The Gemini Planet Imager Exoplanet Survey: Giant Planet and Brown Dwarf Demographics From 10-100 AU
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The Gemini Planet Imager Exoplanet Survey: Giant Planet and Brown Dwarf Demographics From 10-100 AU

  • Author(s): Nielsen, Eric L
  • Rosa, Robert J De
  • Macintosh, Bruce
  • Wang, Jason J
  • Ruffio, Jean-Baptiste
  • Chiang, Eugene
  • Marley, Mark S
  • Saumon, Didier
  • Savransky, Dmitry
  • Ammons, S Mark
  • Bailey, Vanessa P
  • Barman, Travis
  • Blain, Celia
  • Bulger, Joanna
  • Chilcote, Jeffrey
  • Cotten, Tara
  • Czekala, Ian
  • Doyon, Rene
  • Duchene, Gaspard
  • Esposito, Thomas M
  • Fabrycky, Daniel
  • Fitzgerald, Michael P
  • Follette, Katherine B
  • Fortney, Jonathan J
  • Gerard, Benjamin L
  • Goodsell, Stephen J
  • Graham, James R
  • Greenbaum, Alexandra Z
  • Hibon, Pascale
  • Hinkley, Sasha
  • Hirsch, Lea A
  • Hom, Justin
  • Hung, Li-Wei
  • Dawson, Rebekah Ilene
  • Ingraham, Patrick
  • Kalas, Paul
  • Konopacky, Quinn
  • Larkin, James E
  • Lee, Eve J
  • Lin, Jonathan W
  • Maire, Jerome
  • Marchis, Franck
  • Marois, Christian
  • Metchev, Stanimir
  • Millar-Blanchaer, Maxwell A
  • Morzinski, Katie M
  • Oppenheimer, Rebecca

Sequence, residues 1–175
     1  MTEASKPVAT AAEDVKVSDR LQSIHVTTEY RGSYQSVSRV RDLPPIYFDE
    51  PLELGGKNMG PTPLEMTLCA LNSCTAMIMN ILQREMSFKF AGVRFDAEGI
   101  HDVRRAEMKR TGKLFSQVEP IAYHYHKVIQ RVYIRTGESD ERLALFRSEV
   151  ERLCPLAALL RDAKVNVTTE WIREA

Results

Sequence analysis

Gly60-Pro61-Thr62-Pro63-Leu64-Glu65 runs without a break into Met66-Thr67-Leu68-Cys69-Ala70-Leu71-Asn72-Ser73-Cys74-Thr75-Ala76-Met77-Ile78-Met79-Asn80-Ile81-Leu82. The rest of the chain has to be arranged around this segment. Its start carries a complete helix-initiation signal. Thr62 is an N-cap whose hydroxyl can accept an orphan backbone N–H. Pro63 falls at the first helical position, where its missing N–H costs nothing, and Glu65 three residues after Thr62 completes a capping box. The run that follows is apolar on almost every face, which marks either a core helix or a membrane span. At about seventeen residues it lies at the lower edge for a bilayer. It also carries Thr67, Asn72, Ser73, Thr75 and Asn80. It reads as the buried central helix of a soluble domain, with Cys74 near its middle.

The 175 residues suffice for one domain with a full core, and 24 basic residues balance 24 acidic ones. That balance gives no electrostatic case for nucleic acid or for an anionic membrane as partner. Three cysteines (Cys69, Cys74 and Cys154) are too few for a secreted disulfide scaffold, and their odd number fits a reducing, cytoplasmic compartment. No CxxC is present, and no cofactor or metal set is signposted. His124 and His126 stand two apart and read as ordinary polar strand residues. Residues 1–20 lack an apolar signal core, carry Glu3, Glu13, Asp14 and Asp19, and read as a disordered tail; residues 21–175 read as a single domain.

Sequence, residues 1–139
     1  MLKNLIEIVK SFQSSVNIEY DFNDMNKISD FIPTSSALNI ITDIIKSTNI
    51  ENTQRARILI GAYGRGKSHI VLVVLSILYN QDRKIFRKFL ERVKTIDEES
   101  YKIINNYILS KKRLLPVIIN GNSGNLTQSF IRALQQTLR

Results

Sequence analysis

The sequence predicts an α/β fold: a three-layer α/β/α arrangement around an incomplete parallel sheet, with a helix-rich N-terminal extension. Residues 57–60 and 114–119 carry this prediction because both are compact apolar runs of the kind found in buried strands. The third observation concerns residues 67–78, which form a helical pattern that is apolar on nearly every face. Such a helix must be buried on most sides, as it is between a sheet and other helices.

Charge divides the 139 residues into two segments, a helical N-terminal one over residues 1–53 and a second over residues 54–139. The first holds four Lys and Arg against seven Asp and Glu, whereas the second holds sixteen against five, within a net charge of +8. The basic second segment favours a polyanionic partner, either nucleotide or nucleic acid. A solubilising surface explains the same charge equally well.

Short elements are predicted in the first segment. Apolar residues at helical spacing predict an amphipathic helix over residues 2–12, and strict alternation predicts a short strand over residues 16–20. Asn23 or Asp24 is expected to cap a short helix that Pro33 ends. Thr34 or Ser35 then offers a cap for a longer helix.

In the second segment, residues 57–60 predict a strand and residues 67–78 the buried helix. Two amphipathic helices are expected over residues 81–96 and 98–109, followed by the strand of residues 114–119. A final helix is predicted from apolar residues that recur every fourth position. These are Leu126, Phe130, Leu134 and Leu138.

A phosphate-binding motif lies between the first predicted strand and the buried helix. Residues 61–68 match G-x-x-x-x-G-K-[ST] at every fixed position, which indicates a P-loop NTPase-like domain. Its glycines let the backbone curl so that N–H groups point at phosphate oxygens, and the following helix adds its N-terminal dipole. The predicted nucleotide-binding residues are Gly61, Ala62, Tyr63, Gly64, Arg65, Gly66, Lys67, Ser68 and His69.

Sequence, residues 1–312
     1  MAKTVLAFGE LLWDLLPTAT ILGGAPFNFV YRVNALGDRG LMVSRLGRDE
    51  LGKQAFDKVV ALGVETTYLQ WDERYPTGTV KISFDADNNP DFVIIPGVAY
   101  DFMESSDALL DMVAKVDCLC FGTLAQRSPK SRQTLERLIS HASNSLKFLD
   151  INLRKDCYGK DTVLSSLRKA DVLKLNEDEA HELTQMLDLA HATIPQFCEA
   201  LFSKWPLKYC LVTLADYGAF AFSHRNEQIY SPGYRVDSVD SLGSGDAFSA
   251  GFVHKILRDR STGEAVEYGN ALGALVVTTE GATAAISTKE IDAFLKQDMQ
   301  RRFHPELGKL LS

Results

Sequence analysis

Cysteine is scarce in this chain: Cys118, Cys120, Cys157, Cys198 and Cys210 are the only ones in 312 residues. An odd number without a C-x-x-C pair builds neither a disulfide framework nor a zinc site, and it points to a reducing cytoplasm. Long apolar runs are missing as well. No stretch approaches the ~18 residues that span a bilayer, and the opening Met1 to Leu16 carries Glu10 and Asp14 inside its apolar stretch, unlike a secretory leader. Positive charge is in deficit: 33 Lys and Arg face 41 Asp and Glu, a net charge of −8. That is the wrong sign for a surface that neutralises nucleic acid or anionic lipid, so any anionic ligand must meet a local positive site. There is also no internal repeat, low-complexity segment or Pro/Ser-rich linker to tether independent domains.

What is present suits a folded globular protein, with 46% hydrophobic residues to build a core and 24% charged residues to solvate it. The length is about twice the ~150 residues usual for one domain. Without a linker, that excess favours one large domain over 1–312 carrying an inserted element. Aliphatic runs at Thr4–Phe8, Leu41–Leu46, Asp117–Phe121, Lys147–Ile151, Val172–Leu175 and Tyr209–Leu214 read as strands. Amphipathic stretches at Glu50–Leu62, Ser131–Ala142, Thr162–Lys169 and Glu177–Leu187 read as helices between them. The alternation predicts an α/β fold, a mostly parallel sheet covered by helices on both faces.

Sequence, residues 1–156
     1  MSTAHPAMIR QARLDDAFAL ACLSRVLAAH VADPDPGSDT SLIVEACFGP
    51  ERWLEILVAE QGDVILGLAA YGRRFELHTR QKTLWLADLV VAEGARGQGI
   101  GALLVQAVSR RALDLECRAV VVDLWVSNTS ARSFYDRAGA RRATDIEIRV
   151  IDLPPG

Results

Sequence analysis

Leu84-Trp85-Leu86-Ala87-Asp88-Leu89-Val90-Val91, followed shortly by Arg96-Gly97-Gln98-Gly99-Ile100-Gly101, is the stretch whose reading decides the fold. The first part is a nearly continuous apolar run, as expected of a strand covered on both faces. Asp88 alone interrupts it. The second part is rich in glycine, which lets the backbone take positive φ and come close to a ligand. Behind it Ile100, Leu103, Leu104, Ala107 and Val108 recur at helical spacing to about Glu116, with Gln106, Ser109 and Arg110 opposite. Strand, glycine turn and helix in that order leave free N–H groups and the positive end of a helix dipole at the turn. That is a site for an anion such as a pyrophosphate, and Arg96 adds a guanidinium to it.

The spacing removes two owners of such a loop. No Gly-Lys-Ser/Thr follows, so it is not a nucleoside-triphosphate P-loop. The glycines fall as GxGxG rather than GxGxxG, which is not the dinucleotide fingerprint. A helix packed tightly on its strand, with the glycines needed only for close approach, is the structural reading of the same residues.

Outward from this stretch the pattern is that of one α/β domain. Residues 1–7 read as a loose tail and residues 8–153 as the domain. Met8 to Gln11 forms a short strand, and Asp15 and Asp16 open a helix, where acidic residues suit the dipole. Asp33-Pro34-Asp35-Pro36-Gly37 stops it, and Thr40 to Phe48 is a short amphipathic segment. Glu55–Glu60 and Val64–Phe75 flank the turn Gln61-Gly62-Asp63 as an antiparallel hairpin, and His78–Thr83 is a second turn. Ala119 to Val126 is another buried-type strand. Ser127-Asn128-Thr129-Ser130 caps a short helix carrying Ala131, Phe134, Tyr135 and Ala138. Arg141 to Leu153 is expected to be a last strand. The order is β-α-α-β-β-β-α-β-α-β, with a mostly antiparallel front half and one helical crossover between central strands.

• Palmer, David
  • Patience, Jennifer
  • Perrin, Marshall
  • Poyneer, Lisa
  • Pueyo, Laurent
  • Rafikov, Roman R
  • Rajan, Abhijith
  • Rameau, Julien
  • Fredrik, T Rantakyr O
  • Ren, Bin
  • Schneider, Adam C
  • Sivaramakrishnan, Anand
  • Song, Inseok
  • Soummer, Remi
  • Tallis, Melisa
  • Thomas, Sandrine
  • Ward-Duong, Kimberly
  • Wolff, Schuyler
  • et al.

We present a statistical analysis of the first 300 stars observed by the Gemini Planet Imager Exoplanet Survey (GPIES). This subsample includes six detected planets and three brown dwarfs; from these detections and our contrast curves we infer the underlying distributions of substellar companions with respect to their mass, semi-major axis, and host stellar mass. We uncover a strong correlation between planet occurrence rate and host star mass, with stars M $>$ 1.5 $M_\odot$ more likely to host planets with masses between 2-13 M$_{\rm Jup}$ and semi-major axes of 3-100 au at 99.92% confidence. We fit a double power-law model in planet mass (m) and semi-major axis (a) for planet populations around high-mass stars (M $>$ 1.5M$_\odot$) of the form $\frac{d^2 N}{dm da} \propto m^\alpha a^\beta$, finding $\alpha$ = -2.4 $\pm$ 0.8 and $\beta$ = -2.0 $\pm$ 0.5, and an integrated occurrence rate of $9^{+5}_{-4}$% between 5-13 M$_{\rm Jup}$ and 10-100 au. A significantly lower occurrence rate is obtained for brown dwarfs around all stars, with 0.8$^{+0.8}_{-0.5}$% of stars hosting a brown dwarf companion between 13-80 M$_{\rm Jup}$ and 10-100 au. Brown dwarfs also appear to be distributed differently in mass and semi-major axis compared to giant planets; whereas giant planets follow a bottom-heavy mass distribution and favor smaller semi-major axes, brown dwarfs exhibit just the opposite behaviors. Comparing to studies of short-period giant planets from the RV method, our results are consistent with a peak in occurrence of giant planets between ~1-10 au. We discuss how these trends, including the preference of giant planets for high-mass host stars, point to formation of giant planets by core/pebble accretion, and formation of brown dwarfs by gravitational instability.

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